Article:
Study Shows Yoga Can Help Breast Cancer Survivors
Practicing yoga for as little as three months can reduce fatigue and lower inflammation in breast cancer survivors, according to a study at Ohio State’s Comprehensive Cancer Center – James Cancer Hospital and Solove Research Institute (OSUCCC – James). The results were better the more the women practiced.
At the study’s six-month point – three months after the formal yoga practice had ended – fatigue was 57 percent lower, on average, in women who had practiced yoga compared with the non-yoga group, and their inflammation was reduced by up to 20 percent.
Though many studies suggest that yoga has many health benefits, this was the largest known randomized controlled trial that included biological measures, says first author Janice Kiecolt-Glaser, PhD.
Two hundred breast cancer survivors participated in the study. All had completed treatment before beginning the study and were yoga novices. Those in the yoga group met twice weekly for 12 weeks. Women in the control group were wait-listed to receive the same yoga sessions after the trial was over. During the study, they were instructed to go about their normal routines and not to do yoga.
“This showed that modest yoga practice over several months could have substantial benefits for breast cancer survivors,” says Kiecolt-Glaser, a professor of Psychiatry and Psychology, and a Distinguished University Professor at Ohio State. She is also a member of the Institute for Behavioral Medicine Research and of the OSUCCC – James Cancer Control Program.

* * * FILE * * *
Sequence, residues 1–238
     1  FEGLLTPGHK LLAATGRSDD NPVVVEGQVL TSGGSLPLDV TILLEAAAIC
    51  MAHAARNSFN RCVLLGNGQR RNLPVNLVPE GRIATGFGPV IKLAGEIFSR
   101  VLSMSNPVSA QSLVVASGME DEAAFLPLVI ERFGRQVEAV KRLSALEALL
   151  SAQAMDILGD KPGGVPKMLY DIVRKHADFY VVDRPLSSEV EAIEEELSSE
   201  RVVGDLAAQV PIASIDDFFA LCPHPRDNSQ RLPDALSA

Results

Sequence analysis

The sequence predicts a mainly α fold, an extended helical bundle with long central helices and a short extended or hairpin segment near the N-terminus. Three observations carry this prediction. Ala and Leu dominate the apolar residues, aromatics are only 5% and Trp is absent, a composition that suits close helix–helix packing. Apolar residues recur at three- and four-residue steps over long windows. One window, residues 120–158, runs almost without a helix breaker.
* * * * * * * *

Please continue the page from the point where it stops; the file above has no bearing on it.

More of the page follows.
The researchers believe study results could generalize to other groups who have issues with fatigue and inflammation, but the team focused on breast cancer survivors because of the rigors of treatment.
“One of the problems they face is a reduction in cardiorespiratory fitness,” Kiecolt-Glaser says. “The treatment is so debilitating and they are so tired, and the less you do physically, the less you’re able to do. It’s a downward spiral.
“That’s one reason we think there are higher levels of inflammation in cancer survivors, meaning that an intervention that reduces infammation could be benefcial.”
Published in the Journal of Clinical Investigation.
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